Stress: What it does to your body weight

Stress: What it does to your body weight

There is no doubt today problems abound. In fact life doesn't always turn out the way we plan. Unexpected challenges can throw life completely off course. And the bad news is that there will always be stress and pressure in life. Everyone has stress to some degree, however, prolonged, extreme, or chronic stress can harm you. It can contribute to a wide range of diseases. And it can affect nearly every part of the body. It may even spiral into depression, muscle tension, increased blood pressure, burnout, or thoughts of suicide.

Frightening? Yes, and yet the list is by no means complete. Beyond all these ugly consequences there is a critical side effect of chronic stress that is most often ignored and that is increased body weight.  This negative impact (i.e uncontrollable weight gain) of excessive stress is what will be the focus of this post. Here, we will highlight how chronic stress can trigger increased body weight and belly fat? We will also reveal the symptoms of damaging stress? And how can one best cope with the stress we face, so as to find more happiness and peace?

 

Highlights

-What is stress?

-How does stress trigger an increase in body weight and belly fat?

-Tips on how best to manage stress

 

What is stress?

The term “Stress” means different things to different people. To some is just a feeling of tension or pressure. But that is just a tiny part of the picture. In a broader sense, stress is the body’s response to a demanding situation. The brain causes hormones to flood your system. These causes increase in heart rate, blood pressure, expand or constrict the capacity of the lungs, and muscle tension. Before one is fully aware of what is happening, the body is heated up and primed for action. When a stressful episode is over, the body comes off “high alert” and returns to normal. The stress passes. However, failure to understand these changes that occur in our system during this process can prevent the body from cooperating with internal measures to adapt and that is what eventually causes damaging stress.

How does stress trigger an increase in body weight and belly fat?

Imagine yourself in a possible fearful situation, you feel tense and begin breathing more deeply. During this period the “primary stress hormone” cortisol surges into your bloodstream along with the hormones epinephrine and norepinephrine. Thereby causing the liver to released stored sugar. The sugar and fat (cholesterol) levels in your blood rise, fueling you for peak performance. Your heart beats faster. More blood flows to your muscles. This makes you alert and prepared for swift action or decisions. This response is not of itself bad or harmful. In this case it might ready you to run faster than you thought you could. However, when one is constantly in such a tense state or excited state, with no relieving action, such prolonged emotional strain or chronic stress can easily damage the body. This constant, excessive stress causes cortisol levels to remain persistently elevated in the body thereby stimulating one appetite, with the end result being increased body weight or difficulty losing unwanted pounds. Among other things, cortisol can cause cholesterol to accumulate in the abdominal area rather than in the hips. Thereby resulting in an increase in belly fat, which is really toxic to one’s health. The deposited abdominal fat along with accumulated cholesterol in the arteries causes hardening of the arteries which can eventually lead to the development of cardiovascular disease, such as heart attack and stroke. Furthermore, the lymphatic system and white blood cells can also be affected, hindering the body’s ability to fight disease and react to foreign substances.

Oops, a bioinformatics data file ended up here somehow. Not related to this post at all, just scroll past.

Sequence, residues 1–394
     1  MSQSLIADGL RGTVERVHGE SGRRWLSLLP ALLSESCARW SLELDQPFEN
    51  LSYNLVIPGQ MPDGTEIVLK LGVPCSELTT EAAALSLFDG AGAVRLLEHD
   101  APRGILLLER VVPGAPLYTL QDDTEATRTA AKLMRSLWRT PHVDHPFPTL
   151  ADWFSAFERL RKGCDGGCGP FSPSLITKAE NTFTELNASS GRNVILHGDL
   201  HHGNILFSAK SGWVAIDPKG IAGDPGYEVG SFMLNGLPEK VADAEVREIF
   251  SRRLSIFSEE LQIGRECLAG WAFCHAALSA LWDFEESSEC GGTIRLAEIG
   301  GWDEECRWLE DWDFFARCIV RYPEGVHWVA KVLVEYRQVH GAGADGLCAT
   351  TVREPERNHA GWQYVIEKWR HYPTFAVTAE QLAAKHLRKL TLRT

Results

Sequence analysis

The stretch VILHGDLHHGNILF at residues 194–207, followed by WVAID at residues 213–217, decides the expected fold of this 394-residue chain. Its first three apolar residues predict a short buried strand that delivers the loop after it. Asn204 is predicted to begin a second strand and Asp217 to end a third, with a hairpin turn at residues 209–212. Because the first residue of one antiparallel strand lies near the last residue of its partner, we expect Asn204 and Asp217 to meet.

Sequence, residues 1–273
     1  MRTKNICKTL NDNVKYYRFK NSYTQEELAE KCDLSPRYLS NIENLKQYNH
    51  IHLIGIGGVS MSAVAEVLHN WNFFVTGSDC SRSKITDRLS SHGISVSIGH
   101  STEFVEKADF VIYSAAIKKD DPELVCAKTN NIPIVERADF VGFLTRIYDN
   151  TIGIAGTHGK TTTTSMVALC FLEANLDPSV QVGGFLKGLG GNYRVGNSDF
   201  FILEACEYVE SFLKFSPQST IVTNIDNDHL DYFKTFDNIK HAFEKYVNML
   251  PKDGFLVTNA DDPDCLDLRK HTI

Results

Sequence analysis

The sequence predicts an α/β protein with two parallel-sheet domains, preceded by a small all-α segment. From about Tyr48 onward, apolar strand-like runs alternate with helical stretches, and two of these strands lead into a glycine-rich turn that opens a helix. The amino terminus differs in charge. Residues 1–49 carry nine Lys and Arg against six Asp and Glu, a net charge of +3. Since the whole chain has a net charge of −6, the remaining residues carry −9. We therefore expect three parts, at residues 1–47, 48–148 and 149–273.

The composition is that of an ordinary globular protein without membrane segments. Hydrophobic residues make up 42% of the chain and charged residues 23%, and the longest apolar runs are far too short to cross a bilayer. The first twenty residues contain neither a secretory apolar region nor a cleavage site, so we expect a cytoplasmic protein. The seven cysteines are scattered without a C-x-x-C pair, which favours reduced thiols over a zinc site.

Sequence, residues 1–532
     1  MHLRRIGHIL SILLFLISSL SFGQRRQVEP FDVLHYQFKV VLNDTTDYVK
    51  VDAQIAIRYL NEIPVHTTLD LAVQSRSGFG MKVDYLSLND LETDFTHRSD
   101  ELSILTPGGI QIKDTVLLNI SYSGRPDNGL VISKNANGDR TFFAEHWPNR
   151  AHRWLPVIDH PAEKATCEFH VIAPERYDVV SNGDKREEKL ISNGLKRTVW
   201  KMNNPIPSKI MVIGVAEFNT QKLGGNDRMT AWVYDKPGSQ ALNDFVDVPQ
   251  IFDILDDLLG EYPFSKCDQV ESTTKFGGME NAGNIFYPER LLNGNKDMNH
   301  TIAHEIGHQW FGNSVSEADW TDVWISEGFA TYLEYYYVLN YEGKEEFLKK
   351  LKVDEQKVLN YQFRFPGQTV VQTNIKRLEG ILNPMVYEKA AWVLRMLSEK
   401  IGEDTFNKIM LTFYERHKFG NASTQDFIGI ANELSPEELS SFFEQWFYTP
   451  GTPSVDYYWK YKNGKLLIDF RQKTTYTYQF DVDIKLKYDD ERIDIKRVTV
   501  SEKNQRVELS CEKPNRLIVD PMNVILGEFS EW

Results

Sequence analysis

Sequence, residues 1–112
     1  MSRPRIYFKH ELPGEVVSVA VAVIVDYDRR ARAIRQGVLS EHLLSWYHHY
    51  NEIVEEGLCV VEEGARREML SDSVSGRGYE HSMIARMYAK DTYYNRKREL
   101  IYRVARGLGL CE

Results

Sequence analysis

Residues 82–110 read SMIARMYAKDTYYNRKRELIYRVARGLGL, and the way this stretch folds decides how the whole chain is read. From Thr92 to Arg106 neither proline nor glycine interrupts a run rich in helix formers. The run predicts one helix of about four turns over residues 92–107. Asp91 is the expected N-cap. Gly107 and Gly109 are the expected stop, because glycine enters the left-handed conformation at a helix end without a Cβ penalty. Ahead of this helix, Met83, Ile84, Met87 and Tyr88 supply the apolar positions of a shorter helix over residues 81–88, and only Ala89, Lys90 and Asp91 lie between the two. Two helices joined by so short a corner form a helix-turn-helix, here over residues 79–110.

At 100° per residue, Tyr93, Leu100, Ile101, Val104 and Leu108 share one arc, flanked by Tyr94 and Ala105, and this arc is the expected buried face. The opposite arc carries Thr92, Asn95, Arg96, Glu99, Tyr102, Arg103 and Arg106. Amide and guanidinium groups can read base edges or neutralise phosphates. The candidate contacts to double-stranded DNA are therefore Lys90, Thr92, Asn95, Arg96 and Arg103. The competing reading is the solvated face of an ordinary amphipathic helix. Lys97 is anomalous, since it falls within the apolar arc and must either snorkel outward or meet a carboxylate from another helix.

Tips on how best to manage stress

In short the best way to manage stress is by simply taking care of one self. How? you may wonder. Well is not by magic,research have shown that stress can be put in perspective by simply doing the following;

Eat proper diet: Improved diet can reduce one’s susceptibility to stress. It is essential that you cut your intake of refined white flour, saturated fats, salt, refined sugar, alcohol, and caffeine. However, diets including fruits, vegetables, protein, cereals and other grains, and dairy products can help you gain freedom from damaging stress.

 

Exercise regularly:  Moderate and consistent exercise can go a long way in strengthening the heart, improving circulation, lowering cholesterol, and reducing one's chances of a heart attack. In addition, exercise promotes a sense of well-being, likely because of the endorphins that are released during strenuous activity.

 

Get enough sleep: Lack of sleep leads to exhaustion and can decrease one ability to manage stress. 

 

Get organized: Time management can help one to cope better with stress. To get organized, prioritize your responsibilities. Next, make a schedule and stick to it.

 

Final Remark

As highlighted at the beginning of this post, no one today has a life that is completely free of stress. But thanks to the preventive measures such as a healthy diet, good night sleep and exercise that are in place to counteract such stress and restore a healthy balance. However, failure to manage stress properly can lead to dire consequences such as increased weight gain and accumulation of fat in the abdomen, an event that may be life threatening.

 (Featured article in Thrive Global)


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